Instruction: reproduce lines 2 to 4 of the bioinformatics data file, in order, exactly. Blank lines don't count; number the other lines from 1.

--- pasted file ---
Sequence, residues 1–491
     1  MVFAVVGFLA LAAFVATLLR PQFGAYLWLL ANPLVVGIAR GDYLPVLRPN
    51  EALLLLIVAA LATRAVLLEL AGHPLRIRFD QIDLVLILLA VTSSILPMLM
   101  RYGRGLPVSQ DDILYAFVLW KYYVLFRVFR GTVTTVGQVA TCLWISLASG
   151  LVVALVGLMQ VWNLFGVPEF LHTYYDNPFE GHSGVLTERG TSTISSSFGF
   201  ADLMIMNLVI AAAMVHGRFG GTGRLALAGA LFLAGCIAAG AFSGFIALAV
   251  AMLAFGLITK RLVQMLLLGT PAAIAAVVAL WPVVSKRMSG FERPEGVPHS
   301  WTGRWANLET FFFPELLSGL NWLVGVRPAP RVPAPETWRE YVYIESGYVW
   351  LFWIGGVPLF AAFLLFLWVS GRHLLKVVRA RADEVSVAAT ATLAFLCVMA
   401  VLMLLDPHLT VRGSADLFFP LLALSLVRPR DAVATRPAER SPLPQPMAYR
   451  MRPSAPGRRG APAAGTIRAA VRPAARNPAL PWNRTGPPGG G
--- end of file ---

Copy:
     1  MVFAVVGFLA LAAFVATLLR PQFGAYLWLL ANPLVVGIAR GDYLPVLRPN
    51  EALLLLIVAA LATRAVLLEL AGHPLRIRFD QIDLVLILLA VTSSILPMLM
   101  RYGRGLPVSQ DDILYAFVLW KYYVLFRVFR GTVTTVGQVA TCLWISLASG